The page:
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Endocrine Abstracts (2016) 41 GP14 | DOI: 10.1530/endoabs.41.GP14

ECE2016 Guided Posters Adrenal (1) (10 abstracts)

A Phase 3b, open-label, extension study to evaluate the long-term safety of once-daily, dual-release hydrocortisone (DR-HC) in patients with adrenal insufficiency (AI)

Anna Nilsson 1 , Ragnhildur Bergthorsdottir 1 , Pia Burman 2 , Per Dahlqvist 3 , Bertil Ekman 4 , Britt Edén Engström 5 , Oskar Ragnarsson 1 , Stanko Skrtic 1, , Jeanette Wahlberg 4 , Heinrich Achenbach 7 , Sharif Uddin 8 , Claudio Marelli 7 & Gudmundur Johannsson 1

1Department of Endocrinology, Sahlgrenska University Hospital and Institute of Medicine, Sahlgrenska Academy, University of Gothenburg, Gothenburg, Sweden; 2Department of Endocrinology, Skåne University Hospital Malmö, University of Lund, Malmö, Sweden; 3Department of Public Health and Clinical Medicine, Umeå University, Umeå, Sweden; 4Department of Endocrinology and Department of Medical and Health Sciences, Linköping University, Linköping, Sweden; 5Department of Medical Sciences, Endocrinology and Mineral Metabolism, University Hospital, Uppsala, Sweden; 6AstraZeneca R&D, Mölndal, Sweden; 7Shire International GmbH, Zug, Switzerland; 8Shire, Lexington, Massachusetts, USA.

Introduction: Glucocorticoid replacement for adrenal insufficiency (AI) remains inadequate, resulting in high morbidity, premature mortality and quality-of-life (QoL) impairment. This study investigated the long-term safety of dual-release hydrocortisone (DR-HC) in patients with primary AI.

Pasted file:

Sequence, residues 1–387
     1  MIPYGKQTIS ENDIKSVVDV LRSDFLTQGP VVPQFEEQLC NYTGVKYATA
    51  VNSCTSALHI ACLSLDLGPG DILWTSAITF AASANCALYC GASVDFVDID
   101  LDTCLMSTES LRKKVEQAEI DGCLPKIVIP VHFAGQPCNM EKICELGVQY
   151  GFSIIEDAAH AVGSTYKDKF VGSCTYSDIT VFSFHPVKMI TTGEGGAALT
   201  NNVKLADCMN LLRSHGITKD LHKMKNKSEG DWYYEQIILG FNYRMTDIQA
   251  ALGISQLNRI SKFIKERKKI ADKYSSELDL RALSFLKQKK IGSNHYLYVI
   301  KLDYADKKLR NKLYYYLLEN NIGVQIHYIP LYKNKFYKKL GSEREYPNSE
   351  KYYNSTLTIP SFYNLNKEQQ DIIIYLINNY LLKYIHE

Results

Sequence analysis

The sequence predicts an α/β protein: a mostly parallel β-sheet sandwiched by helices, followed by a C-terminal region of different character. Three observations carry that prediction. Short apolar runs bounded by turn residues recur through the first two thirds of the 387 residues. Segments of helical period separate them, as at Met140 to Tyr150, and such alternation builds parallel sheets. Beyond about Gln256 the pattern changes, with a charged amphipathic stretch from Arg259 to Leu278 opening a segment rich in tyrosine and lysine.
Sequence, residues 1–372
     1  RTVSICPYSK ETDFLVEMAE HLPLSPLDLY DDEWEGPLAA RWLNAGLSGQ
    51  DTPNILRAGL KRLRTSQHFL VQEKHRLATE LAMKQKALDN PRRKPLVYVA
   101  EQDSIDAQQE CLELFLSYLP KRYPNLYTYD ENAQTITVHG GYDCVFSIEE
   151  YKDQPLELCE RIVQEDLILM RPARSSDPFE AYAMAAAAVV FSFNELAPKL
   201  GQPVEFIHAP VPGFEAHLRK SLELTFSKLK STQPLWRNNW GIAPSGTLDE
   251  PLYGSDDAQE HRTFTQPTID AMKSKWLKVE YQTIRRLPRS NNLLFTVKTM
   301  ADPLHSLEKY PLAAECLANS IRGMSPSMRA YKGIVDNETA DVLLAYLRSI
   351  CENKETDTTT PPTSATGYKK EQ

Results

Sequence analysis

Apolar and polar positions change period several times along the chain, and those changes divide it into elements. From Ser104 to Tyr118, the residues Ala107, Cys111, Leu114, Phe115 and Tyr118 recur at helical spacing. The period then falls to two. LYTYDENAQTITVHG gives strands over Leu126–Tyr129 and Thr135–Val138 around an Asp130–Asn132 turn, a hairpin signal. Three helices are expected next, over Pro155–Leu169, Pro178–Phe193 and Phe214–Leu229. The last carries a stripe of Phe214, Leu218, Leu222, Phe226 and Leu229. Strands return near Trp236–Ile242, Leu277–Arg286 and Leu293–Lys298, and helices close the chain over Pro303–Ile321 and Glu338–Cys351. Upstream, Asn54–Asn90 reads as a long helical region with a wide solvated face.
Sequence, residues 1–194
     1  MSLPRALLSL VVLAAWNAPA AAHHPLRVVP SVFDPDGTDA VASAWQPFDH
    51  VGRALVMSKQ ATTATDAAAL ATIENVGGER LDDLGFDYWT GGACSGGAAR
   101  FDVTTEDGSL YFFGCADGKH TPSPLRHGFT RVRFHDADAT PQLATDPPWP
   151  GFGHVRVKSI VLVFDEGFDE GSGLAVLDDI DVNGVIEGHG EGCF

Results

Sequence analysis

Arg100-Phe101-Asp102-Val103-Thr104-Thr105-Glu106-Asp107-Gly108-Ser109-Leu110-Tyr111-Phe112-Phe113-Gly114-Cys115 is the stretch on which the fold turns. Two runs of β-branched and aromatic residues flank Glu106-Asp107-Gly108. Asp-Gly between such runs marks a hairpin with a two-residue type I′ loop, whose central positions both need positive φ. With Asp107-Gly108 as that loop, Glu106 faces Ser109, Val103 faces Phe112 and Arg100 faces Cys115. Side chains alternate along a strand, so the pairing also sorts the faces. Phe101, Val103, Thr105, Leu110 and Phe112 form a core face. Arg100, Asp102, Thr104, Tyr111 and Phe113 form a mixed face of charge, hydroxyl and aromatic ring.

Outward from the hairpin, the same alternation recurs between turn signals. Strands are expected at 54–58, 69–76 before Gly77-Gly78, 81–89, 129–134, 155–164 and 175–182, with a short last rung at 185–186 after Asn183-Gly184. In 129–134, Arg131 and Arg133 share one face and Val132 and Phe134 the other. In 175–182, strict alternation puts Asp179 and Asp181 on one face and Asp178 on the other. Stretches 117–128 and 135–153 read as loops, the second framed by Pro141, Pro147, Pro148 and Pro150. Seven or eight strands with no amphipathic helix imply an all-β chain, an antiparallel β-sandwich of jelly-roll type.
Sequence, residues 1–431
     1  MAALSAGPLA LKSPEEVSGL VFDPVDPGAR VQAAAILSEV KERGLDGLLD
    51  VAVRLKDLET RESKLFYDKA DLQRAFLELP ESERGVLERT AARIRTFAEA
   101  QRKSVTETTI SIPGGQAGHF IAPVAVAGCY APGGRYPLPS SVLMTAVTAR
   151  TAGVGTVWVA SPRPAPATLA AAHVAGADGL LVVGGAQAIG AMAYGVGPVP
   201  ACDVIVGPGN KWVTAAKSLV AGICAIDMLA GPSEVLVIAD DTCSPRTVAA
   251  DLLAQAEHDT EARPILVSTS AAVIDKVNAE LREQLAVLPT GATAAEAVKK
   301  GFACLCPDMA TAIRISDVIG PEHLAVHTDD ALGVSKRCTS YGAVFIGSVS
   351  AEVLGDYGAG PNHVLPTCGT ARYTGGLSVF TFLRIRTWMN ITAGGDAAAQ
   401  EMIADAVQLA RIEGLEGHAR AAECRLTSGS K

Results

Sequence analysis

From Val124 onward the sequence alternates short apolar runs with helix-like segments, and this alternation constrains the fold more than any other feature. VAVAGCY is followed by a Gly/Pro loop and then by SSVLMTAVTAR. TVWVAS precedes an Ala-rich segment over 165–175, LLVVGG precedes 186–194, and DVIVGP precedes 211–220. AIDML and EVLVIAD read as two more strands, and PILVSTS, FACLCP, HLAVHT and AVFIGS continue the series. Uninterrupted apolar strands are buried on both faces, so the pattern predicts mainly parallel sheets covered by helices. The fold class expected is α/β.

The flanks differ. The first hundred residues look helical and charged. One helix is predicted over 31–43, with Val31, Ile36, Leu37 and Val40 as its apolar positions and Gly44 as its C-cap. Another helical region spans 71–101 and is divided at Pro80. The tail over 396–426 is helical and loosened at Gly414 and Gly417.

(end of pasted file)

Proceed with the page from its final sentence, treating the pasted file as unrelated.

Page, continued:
Methods: AI patients who completed a randomized, 3-month crossover study of once-daily DR-HC versus thrice-daily conventional immediate-release hydrocortisone plus a 6-month extension of DR-HC (Study 1; n=55) or who were newly recruited (n=16) were included in an open-label, 5-year study of DR-HC (Study 2). Outcomes included safety, intercurrent illness episodes and QoL. Study 2 results are presented for baseline (start of Study 2) to 5 years.

Results: In Study 1, DR-HC was well tolerated and improved metabolic factors, blood pressure and QoL [Johannsson et al. J Clin Endocrin Metab 2012;97:473−81]. In Study 2, 88.7% of patients completed the 5-year visit. Seventy patients (98.6%) reported 1060 adverse events (AEs), of which 84.8% were unrelated to DR-HC. Of 65 serious AEs reported by 32 patients (45.1%), four were possibly related to DR-HC: acute AI (n=2), gastritis (n=1), syncope (n=1). Two deaths were reported (fall from height, subarachnoid haemorrhage), both unrelated to DR-HC. For each 12-month period of the 5-year study, mean number of intercurrent illness episodes per patient varied from 2.64 to 5.42 and mean hydrocortisone dose per episode varied from 18.7 to 23.5 mg. Mean fasting plasma glucose (0.7 mmol/l; P<0.0001) and HDL-cholesterol (0.2 mmol/l; P<0.0001) increased. Patient-assessed DR-HC tolerability was better in 29.5% of patients, equal in 60.7% and worse in 9.8% at 5 years versus baseline (P=0.02). There were no significant changes in Fatigue Impact Scale (FIS) or Psychological General Well Being total scores, but FIS physical functioning worsened (P=0.008).

Conclusions: Long-term DR-HC therapy for AI patients was well tolerated with no safety concerns. Intercurrent illness episodes were stable, and fasting glucose and HDL-cholesterol increased during 5 years’ treatment.

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